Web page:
The differential diagnoses include solid papillary carcinoma, encapsulated (intra-cystic) papillary carcinoma, IMPC and metastatic papillary carcinoma [2,5]. The typical age at presentation of IPC ranges from 63 to 67 years and presenting complaints include bloody discharge from the nipple, an abnormal mass, and radiographic abnormalities. IPC can arise in a preexisting papilloma, but it is not always the case. Metastasis is rare in IPC. IPC is usually positive for ER and gross cystic disease fluid protein-15 (GCDFP-15) with variable-positive staining for synaptophysin and neuron-specific enolase. Myoepithelial markers such as calponin, smooth muscle myosin heavy chain, and tumor protein-63 (p63) are negative in the peripheral cells and the cells surrounding papillary cores [1,2,7].

Vural et al. analyzed data of 24 cases of IPC and found that IPC had an overall better survival and prognosis than other breast cancers [8]. IPCs are usually unilateral but can have a bilateral presentation rarely [9].

We acknowledge a few limitations of our study. Most importantly, clinical follow-up data were not available to compare the difference in cancer-specific and overall survival between IPC and IDC. Moreover, the number of cases of IPC was low.

Conclusions

IPC is a rare variant of invasive breast carcinoma. It is important to distinguish IPC from in situ variants of papillary carcinoma, as well as IDC. We found a prognostically better pathological and biomarker profile of IPC than IDC. Apart from the lower frequency of lymphovascular invasion and axillary metastasis, and lower T-stage and Ki67 index, IPC also had a higher frequency of PR and lower frequency of HER2/neu expression. All these features confer a favorable prognostic and biomarker profile of IPC; however, large-scale studies are needed to compare survival differences between IPC and IDC.


References

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  2. Wei S: Papillary lesions of the breast: an update. Arch Pathol Lab Med. 2016, 140:628-43. 10.5858/arpa.2015-0092-RA
  3. Hashmi AA, Iftikhar SN, Haider R, Haider R, Irfan M, Ali J: Solid papillary carcinoma of breast: clinicopathologic comparison with conventional ductal carcinoma of breast. Cureus. 2020, 12:e11172. 10.7759/cureus.11172
  4. Hashmi AA, Iftikhar SN, Munawar S, Shah A, Irfan M, Ali J: Encapsulated papillary carcinoma of breast: clinicopathological features and prognostic parameters. Cureus. 2020, 12:e11282. 10.7759/cureus.11282
  5. Louwman MW, Vriezen M, van Beek MW, et al.: Uncommon breast tumors in perspective: incidence, treatment and survival in the Netherlands. Int J Cancer. 2007, 121:127-35. 10.1002/ijc.22625
  6. Hashmi AA, Aijaz S, Mahboob R, et al.: Clinicopathologic features of invasive metaplastic and micropapillary breast carcinoma: comparison with invasive ductal carcinoma of breast. BMC Res Notes. 2018, 11:531. 10.1186/s13104-018-3623-z
  7. Pal SK, Lau SK, Kruper L, et al.: Papillary carcinoma of the breast: an overview. Breast Cancer Res Treat. 2010, 122:637-45. 10.1007/s10549-010-0961-5
  8. Vural O, Alnak A, Altundag K: Invasive papillary carcinoma of the breast: an overview of twenty-four cases. Am Surg. 2012, 78:144-5. 10.1177/000313481207800311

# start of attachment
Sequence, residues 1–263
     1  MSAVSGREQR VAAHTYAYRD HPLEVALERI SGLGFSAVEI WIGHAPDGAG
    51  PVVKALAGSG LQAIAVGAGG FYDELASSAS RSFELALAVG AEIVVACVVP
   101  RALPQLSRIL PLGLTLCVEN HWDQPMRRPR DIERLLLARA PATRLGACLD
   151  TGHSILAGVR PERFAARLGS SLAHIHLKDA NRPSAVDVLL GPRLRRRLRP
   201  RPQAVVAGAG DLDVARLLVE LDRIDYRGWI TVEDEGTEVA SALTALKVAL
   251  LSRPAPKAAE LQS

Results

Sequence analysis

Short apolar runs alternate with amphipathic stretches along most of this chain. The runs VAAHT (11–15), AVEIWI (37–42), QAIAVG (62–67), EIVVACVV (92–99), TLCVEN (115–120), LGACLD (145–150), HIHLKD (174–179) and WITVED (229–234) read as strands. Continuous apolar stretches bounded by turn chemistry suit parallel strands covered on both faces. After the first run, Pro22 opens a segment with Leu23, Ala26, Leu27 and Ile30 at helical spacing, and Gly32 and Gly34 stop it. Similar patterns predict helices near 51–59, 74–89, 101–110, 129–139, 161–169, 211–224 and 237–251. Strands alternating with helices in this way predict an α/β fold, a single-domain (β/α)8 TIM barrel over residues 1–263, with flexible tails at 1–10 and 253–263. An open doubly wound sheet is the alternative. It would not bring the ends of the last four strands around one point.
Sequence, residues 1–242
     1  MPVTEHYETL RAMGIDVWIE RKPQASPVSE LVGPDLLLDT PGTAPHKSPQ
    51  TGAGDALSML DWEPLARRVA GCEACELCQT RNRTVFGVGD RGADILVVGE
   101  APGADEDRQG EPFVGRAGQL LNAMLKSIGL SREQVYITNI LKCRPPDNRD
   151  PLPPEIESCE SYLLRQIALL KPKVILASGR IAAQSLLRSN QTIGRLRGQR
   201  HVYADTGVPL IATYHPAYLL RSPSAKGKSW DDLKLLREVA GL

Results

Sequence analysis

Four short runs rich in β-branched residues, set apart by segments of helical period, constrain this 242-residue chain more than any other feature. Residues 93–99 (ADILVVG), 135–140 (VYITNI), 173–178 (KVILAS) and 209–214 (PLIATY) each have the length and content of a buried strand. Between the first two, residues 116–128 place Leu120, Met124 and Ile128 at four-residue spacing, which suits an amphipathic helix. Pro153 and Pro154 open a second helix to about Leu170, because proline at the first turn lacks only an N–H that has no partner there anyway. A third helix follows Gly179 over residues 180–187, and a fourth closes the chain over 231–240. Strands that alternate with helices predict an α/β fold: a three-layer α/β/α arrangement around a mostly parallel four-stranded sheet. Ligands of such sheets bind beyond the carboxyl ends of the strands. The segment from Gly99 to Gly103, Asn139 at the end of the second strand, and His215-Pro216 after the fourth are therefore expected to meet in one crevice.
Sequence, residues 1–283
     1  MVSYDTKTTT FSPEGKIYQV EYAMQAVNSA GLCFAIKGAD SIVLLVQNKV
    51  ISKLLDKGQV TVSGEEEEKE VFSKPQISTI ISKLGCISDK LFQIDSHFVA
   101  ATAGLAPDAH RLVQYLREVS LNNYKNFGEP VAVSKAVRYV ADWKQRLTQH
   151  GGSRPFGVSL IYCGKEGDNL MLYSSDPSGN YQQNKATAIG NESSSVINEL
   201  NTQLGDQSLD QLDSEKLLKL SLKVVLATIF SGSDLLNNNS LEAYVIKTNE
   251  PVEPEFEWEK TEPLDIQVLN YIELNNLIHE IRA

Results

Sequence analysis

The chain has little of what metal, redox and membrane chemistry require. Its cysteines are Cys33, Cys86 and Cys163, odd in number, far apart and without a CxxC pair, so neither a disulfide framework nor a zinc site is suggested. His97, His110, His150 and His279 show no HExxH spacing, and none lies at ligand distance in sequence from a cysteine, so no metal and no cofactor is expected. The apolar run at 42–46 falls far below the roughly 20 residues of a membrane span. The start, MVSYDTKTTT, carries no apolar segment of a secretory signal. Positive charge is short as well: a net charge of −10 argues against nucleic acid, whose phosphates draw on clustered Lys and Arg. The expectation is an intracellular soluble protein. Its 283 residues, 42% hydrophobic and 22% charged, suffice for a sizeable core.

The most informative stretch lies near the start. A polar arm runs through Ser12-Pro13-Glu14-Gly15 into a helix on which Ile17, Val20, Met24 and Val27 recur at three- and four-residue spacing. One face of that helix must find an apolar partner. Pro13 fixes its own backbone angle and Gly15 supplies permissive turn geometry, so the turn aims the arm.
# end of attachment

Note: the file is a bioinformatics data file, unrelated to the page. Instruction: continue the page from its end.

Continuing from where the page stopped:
9. Elverici E, Barça AN, Türksoy O, Araz L, Yüksel E: Bilateral invasive papillary carcinoma of the breast. Clin Imaging. 2007, 31:419-21. 10.1016/j.clinimag.2007.02.029

Original article
peer-reviewed

Invasive Papillary Carcinoma of the Breast: Clinicopathological Features and Hormone Receptor Profile


Author Information

Atif A. Hashmi Corresponding Author

Pathology, Liaquat National Hospital and Medical College, Karachi, PAK

Shahzeb Munawar

Internal Medicine, Liaquat College of Medicine and Dentistry, Karachi, PAK

Naumana Rehman

Pathology, Khyber Medical University, Peshawar, PAK

Omer Ahmed

Internal Medicine, Liaquat National Hospital and Medical College, Karachi, PAK

Sabeeh Islam

Internal Medicine, St. Vincent Health Center, Buffalo, USA

Internal Medicine, Faisalabad Medical University, Faisalabad, PAK

Ishaq Azeem Asghar

Pathology, Ascension St. John Hospital, Detroit, USA

Anoshia Afzal

Pathology, University of Oklahoma Health Sciences Center, Oklahoma City, USA

Muhammad Irfan

Statistics, Liaquat National Hospital and Medical College, Karachi, PAK

Farozaan Shamail

Pathology, Ziauddin University, Karachi, PAK

Syed J. Ali

Pathology, Dow University of Health Sciences, Karachi, PAK


Ethics Statement and Conflict of Interest Disclosures

Human subjects: Consent was obtained or waived by all participants in this study. N/A issued approval N/A. N/A. Animal subjects: All authors have confirmed that this study did not involve animal subjects or tissue. Conflicts of interest: In compliance with the ICMJE uniform disclosure form, all authors declare the following: Payment/services info: All authors have declared that no financial support was received from any organization for the submitted work. Financial relationships: All authors have declared that they have no financial relationships at present or within the previous three years with any organizations that might have an interest in the submitted work. Other relationships: All authors have declared that there are no other relationships or activities that could appear to have influenced the submitted work.



Original article
peer-reviewed

Invasive Papillary Carcinoma of the Breast: Clinicopathological Features and Hormone Receptor Profile